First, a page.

Sometimes you don’t realize there’s another way of completing a task until an outside force upends your process.

Think about the above statement in the context of 2020.

Begin the morning hustle without a breakroom meeting? It happened.

Reduce the mowing schedule without losing customers? Compare your course’s YTD play numbers vs. 2019.

Attach a piece of colored foam to the bottom of the cup without the third foursome of the day ripping it out? Compare your course’s pace of play vs. 2019.

An outside force — the COVID-19 pandemic — has affected short-term operating procedures at most facilities. The short-term measures will likely yield long-term changes.

Contributor Rick Woelfel addresses superintendent views toward practices and tactics implemented in 2020 out of necessity (Stay or go?, page 23). Rick’s story wisely begins with labor reductions.

Crew sizes contracted in March and many never swelled to projected 2020 levels. Amazingly, thanks to the incredible people who maintain golf courses, conditions rarely suffered, especially in cool-weather regions that received favorable weather. In fact, I have recently visited multiple superintendents in these regions who consider 2020 the best turf year of their respective careers.

Still, widespread concerns exist about what a positive year in terms of play and conditions means for 2021 crew sizes. Successful leaders are often too good for their own good. They lose resources and personnel and — miraculously! — they produce a comparable if not better product despite fewer available labor hours. Keeping courses in tidy shape for an expanding customer base exerts an enormous personal and physical toll on the remaining workers.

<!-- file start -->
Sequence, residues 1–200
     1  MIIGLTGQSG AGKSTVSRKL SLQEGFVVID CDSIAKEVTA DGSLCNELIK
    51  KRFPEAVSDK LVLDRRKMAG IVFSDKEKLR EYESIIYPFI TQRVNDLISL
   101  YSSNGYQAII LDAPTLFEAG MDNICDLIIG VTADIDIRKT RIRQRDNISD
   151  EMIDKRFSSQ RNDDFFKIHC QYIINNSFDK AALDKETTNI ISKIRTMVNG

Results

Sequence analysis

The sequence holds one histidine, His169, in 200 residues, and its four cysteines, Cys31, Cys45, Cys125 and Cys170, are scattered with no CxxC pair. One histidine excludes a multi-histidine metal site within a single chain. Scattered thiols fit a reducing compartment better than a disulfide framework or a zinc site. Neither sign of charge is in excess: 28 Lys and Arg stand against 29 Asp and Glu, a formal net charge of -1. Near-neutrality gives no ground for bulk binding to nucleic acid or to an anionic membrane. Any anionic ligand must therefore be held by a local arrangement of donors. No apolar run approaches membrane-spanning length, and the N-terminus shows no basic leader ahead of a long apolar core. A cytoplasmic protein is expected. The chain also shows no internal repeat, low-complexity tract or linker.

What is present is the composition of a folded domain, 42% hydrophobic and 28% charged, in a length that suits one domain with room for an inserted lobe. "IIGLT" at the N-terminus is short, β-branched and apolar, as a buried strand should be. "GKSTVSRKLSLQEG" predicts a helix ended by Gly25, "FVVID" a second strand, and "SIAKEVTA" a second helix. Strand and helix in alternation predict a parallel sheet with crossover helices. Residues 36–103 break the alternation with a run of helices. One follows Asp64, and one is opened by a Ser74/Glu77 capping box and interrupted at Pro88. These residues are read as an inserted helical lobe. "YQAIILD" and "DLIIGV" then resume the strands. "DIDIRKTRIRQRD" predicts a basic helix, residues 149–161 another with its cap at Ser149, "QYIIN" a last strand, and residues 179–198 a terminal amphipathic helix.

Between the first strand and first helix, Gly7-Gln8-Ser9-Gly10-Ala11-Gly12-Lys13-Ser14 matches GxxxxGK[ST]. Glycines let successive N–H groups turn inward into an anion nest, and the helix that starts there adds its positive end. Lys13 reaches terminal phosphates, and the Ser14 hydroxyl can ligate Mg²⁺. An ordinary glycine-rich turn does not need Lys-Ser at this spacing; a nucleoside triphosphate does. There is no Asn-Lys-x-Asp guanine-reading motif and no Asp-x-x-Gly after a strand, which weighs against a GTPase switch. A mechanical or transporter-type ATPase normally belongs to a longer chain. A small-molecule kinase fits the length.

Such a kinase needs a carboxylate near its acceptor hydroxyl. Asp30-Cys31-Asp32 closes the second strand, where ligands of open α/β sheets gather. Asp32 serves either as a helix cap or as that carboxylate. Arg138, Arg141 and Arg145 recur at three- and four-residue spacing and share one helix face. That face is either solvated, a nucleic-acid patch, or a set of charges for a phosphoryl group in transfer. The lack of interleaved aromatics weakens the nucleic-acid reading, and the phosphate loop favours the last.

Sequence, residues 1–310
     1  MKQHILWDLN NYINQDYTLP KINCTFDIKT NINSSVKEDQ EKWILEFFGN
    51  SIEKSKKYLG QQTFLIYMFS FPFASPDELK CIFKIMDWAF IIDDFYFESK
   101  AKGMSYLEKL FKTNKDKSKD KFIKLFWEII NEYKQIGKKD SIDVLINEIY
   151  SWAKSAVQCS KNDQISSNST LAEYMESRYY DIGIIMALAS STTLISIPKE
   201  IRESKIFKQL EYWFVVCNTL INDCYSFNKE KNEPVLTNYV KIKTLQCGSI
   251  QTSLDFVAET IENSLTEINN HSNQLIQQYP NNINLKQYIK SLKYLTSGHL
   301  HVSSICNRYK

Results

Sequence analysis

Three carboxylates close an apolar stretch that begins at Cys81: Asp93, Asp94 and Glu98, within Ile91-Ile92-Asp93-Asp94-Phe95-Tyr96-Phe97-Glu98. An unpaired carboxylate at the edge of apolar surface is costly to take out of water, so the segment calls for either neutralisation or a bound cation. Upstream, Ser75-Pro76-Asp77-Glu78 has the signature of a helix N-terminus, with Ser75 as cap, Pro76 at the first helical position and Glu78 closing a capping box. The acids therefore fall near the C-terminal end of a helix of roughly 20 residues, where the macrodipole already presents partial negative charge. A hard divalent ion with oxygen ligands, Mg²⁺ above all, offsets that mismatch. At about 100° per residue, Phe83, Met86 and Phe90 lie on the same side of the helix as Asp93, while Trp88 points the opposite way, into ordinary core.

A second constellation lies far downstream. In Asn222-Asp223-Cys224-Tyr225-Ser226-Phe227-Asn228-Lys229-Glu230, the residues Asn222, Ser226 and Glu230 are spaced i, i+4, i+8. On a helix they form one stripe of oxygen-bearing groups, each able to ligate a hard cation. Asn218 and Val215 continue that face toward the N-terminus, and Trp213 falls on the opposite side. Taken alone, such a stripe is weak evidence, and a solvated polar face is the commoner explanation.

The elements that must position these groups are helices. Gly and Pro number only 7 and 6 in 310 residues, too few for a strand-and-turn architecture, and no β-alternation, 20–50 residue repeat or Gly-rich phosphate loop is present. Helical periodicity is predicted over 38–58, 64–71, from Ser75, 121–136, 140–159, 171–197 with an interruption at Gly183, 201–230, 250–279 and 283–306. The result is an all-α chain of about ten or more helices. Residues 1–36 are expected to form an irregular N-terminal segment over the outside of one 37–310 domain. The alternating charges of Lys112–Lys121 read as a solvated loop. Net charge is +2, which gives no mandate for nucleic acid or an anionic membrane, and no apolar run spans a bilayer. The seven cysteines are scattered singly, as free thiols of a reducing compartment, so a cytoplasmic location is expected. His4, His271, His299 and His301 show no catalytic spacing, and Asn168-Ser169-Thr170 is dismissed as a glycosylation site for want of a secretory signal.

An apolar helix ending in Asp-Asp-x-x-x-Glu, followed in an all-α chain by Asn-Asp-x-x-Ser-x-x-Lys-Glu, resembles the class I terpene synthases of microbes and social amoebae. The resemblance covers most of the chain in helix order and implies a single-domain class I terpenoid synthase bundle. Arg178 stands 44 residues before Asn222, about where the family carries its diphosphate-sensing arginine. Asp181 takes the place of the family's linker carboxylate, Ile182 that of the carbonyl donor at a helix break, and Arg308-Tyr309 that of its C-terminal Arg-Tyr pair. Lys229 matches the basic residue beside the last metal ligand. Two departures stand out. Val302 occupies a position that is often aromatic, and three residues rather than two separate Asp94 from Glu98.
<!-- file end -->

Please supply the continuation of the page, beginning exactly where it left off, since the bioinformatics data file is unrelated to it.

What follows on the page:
Have the bosses recently asked how you and your crew are feeling physically and mentally? Have you answered the question honestly? If the course looks and plays great and the people maintaining it appear healthy and satisfied, the bosses are less inclined to replenish resources. Attempting to repeat the Herculean feats of 2020 represents a monumental challenge. Your bosses need to know this.

Owners, operators, managers and committees remain perplexed when creating a 2021 budget. Anybody who claims they can accurately project outings and event revenue, or play numbers, is either a genius or fibbing. Even golf’s staunchest supporters and believers never imagined the huge usage spikes courses received this summer and fall. Managing editor Matt LaWell solicited superintendent-focused budget guidance from a trio of turf legends to help prepare readers for the financial unknown (Budget 101, page 6).

A general manager recently told me his philosophy involves “budgeting for the product you want to produce.” Defined expectations are a key part of the budget process. But they don’t solve an industrywide labor dilemma that actually expanded in 2020. Superintendents need bodies to produce that product.

Not sure how to explain this to your bosses or members? Tim Moraghan does the job for you in a column that doubles as a letter you can post in the pro shop, clubhouse or locker room (Labor of love?, page 22). The column demonstrates why Tim is one of the industry’s more respected voices. He uses his enormous credibility to make a candid argument on behalf of superintendents. Tim is a highly-regarded consultant, recruiter, speaker and writer. He can present realities to owners, general managers and members without fear of losing his job.

Golf has experienced plenty of positives in 2020 and some of the changes implemented by necessity will make courses better recreational and work environments. That foam at the bottom of cups has increased pace of play and skipping a fairway mowing or two hasn’t created undesirable conditions.

On days when cups are moved and playing surfaces are mowed, trained employees must be present. Having fewer of them around will create more problems in 2021 than your bosses might envision.

Guy Cipriano